Thirty-four people have been killed and 58 others wounded in a car bomb outside a bank in the southern province of Helmand, the provincial governor’s office said.
Local officials said the bomb was detonated on June 22 outside the New Kabul Bank branch in the provincial capital, Lashkar Gah, causing casualties among civilians, staff of the New Kabul Bank branch, and members of the security forces.
The Taliban claimed responsibility for the attack, saying it was a suicide bombing.
President Ashraf Ghani called the perpetrators of the attack “enemies of humanity” who have “no respect for any religion or faith.”
The attack occurred as Afghan police officers and soldiers had lined up outside the bank to receive their salaries ahead of holidays for Eid, marking the end of the fasting month of Ramadan.
The bombing was followed by gunfire at the bank, said Mohammad Karim Atal, a provincial council member.
Militant groups, including the Taliban and Islamic State, have in the past targeted banks where police, soldiers, and other government employees collect their pay.
At least three people were killed and many wounded in an attack last month on a bank in the eastern city of Gardez.
Helmand is a Taliban stronghold and the extremist group controls about 80 percent of the province.
The attack in Lashkar Gah came as the United Nations and the Pentagon warned that the situation in Afghanistan keeps deteriorating.
The UN Assistance Mission in Afghanistan on June 21 published a new report which concluded that the security situation in Afghanistan remains "intensely volatile."
The recent spate of deadly attacks across the country could indicate a much worse and more fragile period ahead, the UN's special envoy to Afghanistan, Tadamichi Yamamoto, told the UN Security Council as he presented the report.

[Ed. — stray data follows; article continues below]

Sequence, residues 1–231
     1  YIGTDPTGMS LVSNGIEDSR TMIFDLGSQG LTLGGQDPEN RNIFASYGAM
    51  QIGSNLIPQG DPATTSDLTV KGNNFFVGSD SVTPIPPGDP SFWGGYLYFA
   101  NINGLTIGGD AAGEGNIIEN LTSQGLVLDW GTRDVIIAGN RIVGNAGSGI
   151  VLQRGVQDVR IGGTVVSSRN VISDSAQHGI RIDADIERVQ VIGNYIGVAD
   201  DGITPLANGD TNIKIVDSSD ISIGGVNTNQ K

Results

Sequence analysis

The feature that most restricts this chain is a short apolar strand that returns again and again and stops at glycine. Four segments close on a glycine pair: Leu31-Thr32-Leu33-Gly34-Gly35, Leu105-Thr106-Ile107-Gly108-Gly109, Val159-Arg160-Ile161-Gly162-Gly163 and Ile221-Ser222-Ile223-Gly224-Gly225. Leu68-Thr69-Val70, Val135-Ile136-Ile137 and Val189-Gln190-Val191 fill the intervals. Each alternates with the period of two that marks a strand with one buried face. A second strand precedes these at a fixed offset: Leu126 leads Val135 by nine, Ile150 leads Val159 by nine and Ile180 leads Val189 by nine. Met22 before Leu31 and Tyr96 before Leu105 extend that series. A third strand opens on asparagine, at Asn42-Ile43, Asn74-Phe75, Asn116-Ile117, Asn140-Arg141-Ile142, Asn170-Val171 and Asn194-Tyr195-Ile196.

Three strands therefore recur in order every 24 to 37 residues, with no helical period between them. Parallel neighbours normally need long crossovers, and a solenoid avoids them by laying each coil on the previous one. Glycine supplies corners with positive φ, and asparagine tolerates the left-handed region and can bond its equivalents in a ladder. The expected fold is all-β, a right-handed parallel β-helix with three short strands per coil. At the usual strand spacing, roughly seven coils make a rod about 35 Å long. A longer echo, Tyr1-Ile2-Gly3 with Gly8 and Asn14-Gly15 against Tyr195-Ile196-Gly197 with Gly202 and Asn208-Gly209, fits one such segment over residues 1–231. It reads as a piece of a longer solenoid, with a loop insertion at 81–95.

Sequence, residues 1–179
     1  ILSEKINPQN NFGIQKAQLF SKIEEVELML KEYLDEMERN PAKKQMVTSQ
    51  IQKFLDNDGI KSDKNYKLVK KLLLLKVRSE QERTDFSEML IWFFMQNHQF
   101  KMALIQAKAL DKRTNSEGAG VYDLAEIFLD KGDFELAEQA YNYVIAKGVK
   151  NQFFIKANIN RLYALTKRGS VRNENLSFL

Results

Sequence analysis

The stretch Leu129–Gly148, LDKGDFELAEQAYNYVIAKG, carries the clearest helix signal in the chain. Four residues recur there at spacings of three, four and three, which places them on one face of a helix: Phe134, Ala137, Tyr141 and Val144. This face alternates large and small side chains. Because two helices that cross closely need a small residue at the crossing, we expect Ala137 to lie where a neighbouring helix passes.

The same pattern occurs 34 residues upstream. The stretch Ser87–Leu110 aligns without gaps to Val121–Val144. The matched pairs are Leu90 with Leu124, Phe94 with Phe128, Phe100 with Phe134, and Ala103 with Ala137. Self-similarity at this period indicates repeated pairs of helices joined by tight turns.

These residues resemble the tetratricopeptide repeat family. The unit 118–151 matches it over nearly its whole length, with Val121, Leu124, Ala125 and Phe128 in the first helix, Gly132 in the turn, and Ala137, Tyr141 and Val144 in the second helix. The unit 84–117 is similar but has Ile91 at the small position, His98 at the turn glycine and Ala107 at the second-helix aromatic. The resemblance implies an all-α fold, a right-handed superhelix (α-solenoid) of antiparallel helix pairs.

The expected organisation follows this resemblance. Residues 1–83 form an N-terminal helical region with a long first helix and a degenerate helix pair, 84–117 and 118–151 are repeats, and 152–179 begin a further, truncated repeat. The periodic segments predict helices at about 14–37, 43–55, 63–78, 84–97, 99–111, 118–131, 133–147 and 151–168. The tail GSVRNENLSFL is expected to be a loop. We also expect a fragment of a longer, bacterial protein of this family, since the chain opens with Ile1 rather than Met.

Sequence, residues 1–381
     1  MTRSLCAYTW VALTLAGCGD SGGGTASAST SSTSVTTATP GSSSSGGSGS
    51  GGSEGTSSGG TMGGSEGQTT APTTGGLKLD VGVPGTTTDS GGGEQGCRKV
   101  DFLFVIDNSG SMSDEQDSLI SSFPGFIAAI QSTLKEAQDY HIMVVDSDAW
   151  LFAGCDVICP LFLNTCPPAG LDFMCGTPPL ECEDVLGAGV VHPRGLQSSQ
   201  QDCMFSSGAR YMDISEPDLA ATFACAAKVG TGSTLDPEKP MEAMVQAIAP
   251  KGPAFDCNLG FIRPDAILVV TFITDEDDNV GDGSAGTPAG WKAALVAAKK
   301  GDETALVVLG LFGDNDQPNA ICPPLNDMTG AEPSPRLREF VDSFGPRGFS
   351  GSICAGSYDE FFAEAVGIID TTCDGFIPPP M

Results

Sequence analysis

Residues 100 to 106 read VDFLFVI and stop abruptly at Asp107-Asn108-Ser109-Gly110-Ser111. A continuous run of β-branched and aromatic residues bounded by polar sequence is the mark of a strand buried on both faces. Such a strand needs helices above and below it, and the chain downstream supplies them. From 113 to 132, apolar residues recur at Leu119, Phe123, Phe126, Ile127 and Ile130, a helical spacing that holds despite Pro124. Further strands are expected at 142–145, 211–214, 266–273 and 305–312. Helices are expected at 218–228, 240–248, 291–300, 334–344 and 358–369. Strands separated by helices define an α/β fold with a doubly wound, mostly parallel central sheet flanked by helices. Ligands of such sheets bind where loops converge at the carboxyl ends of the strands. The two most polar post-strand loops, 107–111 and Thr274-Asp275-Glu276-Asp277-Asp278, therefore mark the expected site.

The UN recorded 6,252 security-related incidents between March 1 and May 31, a 2 percent increase on the same period last year, the report said.
The eastern and southern regions are the most dangerous, with a 22 percent increase in incidents compared to the same time span last year.
Meanwhile, the Pentagon warned that Afghanistan was confronted with an increasingly violent insurgency.
"The Afghan government retains control of Kabul, major population centers, most key transit routes, provincial capitals, and a majority of district centers," it said in a new report.
However, it added, "the Taliban continues to contest district centers, threaten provincial capitals, and temporarily seize main lines of communication throughout the country, especially in high-priority areas like Kunduz and Helmand provinces."
Insurgent groups like the Taliban and Islamic State have launched a series of attacks across Afghanistan in recent weeks.
A massive truck bombing and later suicide attacks left hundreds dead and wounded at the end of last month and beginning of June, raising political tensions for the Afghan government, which is struggling to combat rising violence and corruption.
Thousands of international troops remain in the country to train and assist Afghan security forces as well as carry out counterterrorism missions.
U.S. Defense Secretary Jim Mattis said last week that President Donald Trump had given him the authority to establish troop levels in Afghanistan.
U.S. media have reported that Mattis will recommend sending another 3,000-5,000 troops to break what he has called a "stalemate" between government forces and the Taliban.
The United States currently has about 8,400 troops in Afghanistan.